Timothy Ash of The Royal Bank of Scotland -
Turkey's performance through the global crisis that preceded and followed the fall of Lehman Brothers has been surprising.
Its large budget deficit (about $100bn) and external financing requirement as of late 2008, with a current account deficit of around 6% of GDP, and memories of recent crises, eg. 2000-01, led many to believe that it would be leading the pack in the region in seeking emergency funding from the International Monetary Fund (IMF). As has proven to be the case, Turkey managed to ride through the crisis, funding itself under its own resources without going cap in hand to the IMF. Remarkably, this set Turkey out from a bevy of existing EU member states (Latvia, Hungary and Romania) that were forced to agree emergency stand-by arrangements with the IMF.
Explanations for Turkey's durability through the crisis are varied. Policymakers would no doubt highlight that reforms instigated after the 2000-2001 crisis stood the economy in good stead. Over the period since, Turkey's fiscal stance has been prudent, with the public sector debt/GDP ratio cut from over 90% in 2001, to less than 40% in 2008, ie. well below the Maastricht convergence criteria for the euro, and around half the EU average.
Turkey's banking sector was significantly "cleansed" following the 2000/01 crisis - bank balance sheets were cleaned up, while regulation and supervision were much improved. Turkey's bank deposit base proved resilient through the crisis; perhaps helped herein by the parallel weakness in global banks - if Turks were going to take their money out of Turkish banks, where would they put their cash? US or West European banks at the height of the crisis appeared close to failure. Importantly, Turkey's banks were relatively slow in following the trend in emerging Europe of expanding rapidly into consumer, household and mortgage credits. Its banks thus had little subprime exposure.
Banks and corporates did have large net open foreign exchange positions at the onset of the crisis. However, and unlike Russia, these were not generally publicly held and hence not as subject to mark-to-market risk. A large weight of Turkey's private sector external liabilities also tended to consist of offshore lending back into Turkey, and when push came to shove, these were generally rolled over. Turkey also benefitted from the fact that the stock of forex deposits at the start of the crisis was close to record highs (about $100bn), partly due to heightened political tensions in 2007-2008 over the headscarf issue and then the closure case brought against the ruling AK Party. Locals tended to sell dollars into extreme lira weakness, which provided an underpinning to the exchange rate. Similarly, due to perceived political risks, foreign portfolio investors had generally reduced exposure to Turkey in 2007 and early 2008, and hence technically the market was not as vulnerable to hot money outflows. The exchange rate adjustment which occurred in late 2008 - the benefit of the floating exchange rate regime - helped close the external financing gap, with the current account deficit falling by some two-thirds in 2009 to around 2% of GDP, helped also by reduced oil and commodity import prices.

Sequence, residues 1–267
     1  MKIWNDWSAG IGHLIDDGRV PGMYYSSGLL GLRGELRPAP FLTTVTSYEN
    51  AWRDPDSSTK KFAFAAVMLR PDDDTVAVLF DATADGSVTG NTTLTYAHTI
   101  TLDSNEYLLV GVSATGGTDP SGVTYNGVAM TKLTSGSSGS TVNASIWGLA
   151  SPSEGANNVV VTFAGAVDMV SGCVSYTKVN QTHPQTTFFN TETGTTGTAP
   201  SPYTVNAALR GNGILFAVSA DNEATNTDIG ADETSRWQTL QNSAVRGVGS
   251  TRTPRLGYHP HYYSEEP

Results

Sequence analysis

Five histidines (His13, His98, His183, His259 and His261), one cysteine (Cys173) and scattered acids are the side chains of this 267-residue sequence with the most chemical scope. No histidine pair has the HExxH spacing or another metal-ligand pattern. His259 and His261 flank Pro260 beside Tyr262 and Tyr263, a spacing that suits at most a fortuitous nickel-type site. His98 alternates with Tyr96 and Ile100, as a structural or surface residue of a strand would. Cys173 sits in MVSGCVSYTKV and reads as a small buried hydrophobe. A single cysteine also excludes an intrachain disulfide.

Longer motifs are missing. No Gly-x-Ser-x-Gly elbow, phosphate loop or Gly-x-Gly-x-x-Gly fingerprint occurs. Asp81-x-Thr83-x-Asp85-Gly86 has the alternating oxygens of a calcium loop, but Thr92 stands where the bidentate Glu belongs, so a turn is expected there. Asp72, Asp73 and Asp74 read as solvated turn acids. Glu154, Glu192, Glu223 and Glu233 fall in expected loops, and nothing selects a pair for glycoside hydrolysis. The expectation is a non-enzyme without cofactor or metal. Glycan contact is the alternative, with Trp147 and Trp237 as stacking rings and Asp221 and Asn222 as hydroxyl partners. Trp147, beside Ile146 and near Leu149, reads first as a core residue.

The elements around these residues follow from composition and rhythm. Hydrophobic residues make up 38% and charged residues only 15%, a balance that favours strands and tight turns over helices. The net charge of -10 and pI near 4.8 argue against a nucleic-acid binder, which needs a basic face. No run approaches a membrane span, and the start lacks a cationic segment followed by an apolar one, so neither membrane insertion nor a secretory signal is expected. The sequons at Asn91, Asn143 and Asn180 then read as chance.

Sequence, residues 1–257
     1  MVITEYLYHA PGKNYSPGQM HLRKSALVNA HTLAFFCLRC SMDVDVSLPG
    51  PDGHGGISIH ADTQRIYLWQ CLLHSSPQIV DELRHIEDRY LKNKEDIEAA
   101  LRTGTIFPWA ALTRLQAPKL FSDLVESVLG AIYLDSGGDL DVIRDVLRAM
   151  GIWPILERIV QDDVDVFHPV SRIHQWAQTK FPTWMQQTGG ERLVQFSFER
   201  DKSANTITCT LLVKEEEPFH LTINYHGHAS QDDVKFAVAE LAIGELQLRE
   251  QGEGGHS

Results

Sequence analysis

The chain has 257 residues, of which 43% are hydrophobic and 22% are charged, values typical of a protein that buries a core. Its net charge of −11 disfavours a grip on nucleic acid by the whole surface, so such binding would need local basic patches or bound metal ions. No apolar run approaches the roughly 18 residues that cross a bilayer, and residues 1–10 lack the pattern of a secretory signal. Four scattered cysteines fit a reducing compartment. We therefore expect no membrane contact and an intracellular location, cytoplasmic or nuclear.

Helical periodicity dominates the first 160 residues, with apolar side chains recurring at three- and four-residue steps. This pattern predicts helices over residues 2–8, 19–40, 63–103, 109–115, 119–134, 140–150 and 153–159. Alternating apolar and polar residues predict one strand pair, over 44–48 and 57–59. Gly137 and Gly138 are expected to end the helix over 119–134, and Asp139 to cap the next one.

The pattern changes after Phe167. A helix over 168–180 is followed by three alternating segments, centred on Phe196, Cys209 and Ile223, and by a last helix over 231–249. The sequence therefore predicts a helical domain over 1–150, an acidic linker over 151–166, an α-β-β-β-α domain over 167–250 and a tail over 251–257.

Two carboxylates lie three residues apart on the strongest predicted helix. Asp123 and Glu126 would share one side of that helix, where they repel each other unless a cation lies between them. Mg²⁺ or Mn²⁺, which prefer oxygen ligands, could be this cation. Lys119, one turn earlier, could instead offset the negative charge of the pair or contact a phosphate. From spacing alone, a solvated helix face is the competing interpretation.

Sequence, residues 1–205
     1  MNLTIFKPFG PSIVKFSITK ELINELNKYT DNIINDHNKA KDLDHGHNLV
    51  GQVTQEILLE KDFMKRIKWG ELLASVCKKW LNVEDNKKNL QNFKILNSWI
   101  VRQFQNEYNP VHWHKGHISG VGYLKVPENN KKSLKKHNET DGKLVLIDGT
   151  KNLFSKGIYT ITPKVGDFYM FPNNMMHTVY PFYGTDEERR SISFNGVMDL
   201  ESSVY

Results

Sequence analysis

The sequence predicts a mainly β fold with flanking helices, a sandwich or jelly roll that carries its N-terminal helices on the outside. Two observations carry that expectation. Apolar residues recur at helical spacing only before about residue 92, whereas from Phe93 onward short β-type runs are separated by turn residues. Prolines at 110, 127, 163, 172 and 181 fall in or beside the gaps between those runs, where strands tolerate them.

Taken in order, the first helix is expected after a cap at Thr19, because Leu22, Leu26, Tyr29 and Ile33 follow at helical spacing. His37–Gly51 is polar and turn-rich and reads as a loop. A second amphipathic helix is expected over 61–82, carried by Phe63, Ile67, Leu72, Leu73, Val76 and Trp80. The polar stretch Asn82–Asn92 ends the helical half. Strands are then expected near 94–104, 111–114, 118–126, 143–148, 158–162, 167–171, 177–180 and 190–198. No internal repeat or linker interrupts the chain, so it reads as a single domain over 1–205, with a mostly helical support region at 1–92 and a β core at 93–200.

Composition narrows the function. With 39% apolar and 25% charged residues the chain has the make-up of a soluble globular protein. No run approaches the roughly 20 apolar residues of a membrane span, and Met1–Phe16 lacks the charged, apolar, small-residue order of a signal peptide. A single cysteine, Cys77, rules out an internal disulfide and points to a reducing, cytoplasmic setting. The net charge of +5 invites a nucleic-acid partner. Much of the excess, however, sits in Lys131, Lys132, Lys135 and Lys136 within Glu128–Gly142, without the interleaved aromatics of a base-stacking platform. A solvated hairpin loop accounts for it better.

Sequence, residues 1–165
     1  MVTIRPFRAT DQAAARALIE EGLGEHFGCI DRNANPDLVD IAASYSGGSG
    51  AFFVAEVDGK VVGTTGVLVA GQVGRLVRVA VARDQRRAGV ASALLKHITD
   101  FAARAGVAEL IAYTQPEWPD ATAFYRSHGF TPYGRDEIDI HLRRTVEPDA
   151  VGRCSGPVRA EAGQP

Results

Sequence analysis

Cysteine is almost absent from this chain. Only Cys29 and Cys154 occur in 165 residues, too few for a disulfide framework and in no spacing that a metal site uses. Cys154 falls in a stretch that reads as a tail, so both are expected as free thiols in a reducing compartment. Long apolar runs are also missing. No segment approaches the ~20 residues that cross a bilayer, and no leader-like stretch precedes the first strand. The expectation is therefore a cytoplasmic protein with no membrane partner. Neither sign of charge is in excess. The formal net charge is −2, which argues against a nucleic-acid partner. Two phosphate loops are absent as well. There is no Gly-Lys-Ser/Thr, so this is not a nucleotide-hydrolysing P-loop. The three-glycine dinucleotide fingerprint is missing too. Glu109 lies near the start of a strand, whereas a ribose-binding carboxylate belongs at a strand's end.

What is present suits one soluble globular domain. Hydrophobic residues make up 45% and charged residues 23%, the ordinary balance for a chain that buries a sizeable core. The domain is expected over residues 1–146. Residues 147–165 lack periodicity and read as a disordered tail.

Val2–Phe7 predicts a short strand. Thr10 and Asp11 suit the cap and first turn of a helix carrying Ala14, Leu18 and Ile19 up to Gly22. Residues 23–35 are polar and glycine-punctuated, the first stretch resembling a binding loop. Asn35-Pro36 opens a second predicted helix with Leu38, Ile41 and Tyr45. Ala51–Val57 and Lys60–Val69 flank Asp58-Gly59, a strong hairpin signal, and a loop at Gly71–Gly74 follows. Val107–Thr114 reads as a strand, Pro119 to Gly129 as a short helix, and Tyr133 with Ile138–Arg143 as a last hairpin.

And yet while Turkey successfully funded itself through the crisis, the price was a disappointing performance from the real economy, which probably contracted by around 5.5% for the full year in 2009. This was more or less on a par with its regional peers, but disappointing compared to Poland, also a large relatively closed economy (in terms of trade turnover/GDP), which grew by 1.7% in 2009.
Understanding why the real economy underperformed in 2009 is important, as it should offer an insight into the likely future performance. Herein, we would partly explain this underperformance by Turkey's export profile, which tends to be in higher end, final consumption products, eg. autos, white goods, TVs and higher-end textiles - ie. exactly the product mix in low demand in key markets in Europe, and indeed in the former Soviet Union.
A further explanation of Turkey's relatively deep recession probably lies in the fact that the economy had already begun to slow down well before the demise of Lehman, with real GDP growth of just 1.1% for the full year in 2008. We explain this slowing by rising concern domestically over political risks, which undermined consumer and business confidence. The slowdown in 2008, however, left Turkish companies sitting on high inventory levels in mid-2008, and then the economy was hit by the double whammy after the fall of Lehman, which saw a brutal inventory correction. The low base from 2008 and then 2009 does create some room for a bounce in 2010. Exports are showing some signs of recovery from a low base, albeit given the expectation of weak recovery in Europe more generally, it is a tough ask to assume that this will be the key driver for growth over a slightly extended forecast period. Domestic demand, meanwhile, looks set to be subdued by continued political noise in the run-up to the 2011 parliamentary elections, ie. the ongoing fissures over the Ergenekon case and plans for constitutional reform.
This still suggests a weak recovery, after an initial bounce in early 2010. The weak domestic - and indeed global - growth environment should, though, eventually weigh inflation down, which has been pushed back into double digits over the first few months of 2010 by one-off factors, eg. administered price increases. We expect inflation to subside to year-end and into 2011, and this should still enable the central bank to hold to its lower-for-longer interest rate strategy.
Timothy Ash is Head of Emerging Markets Research for The Royal Bank of Scotland
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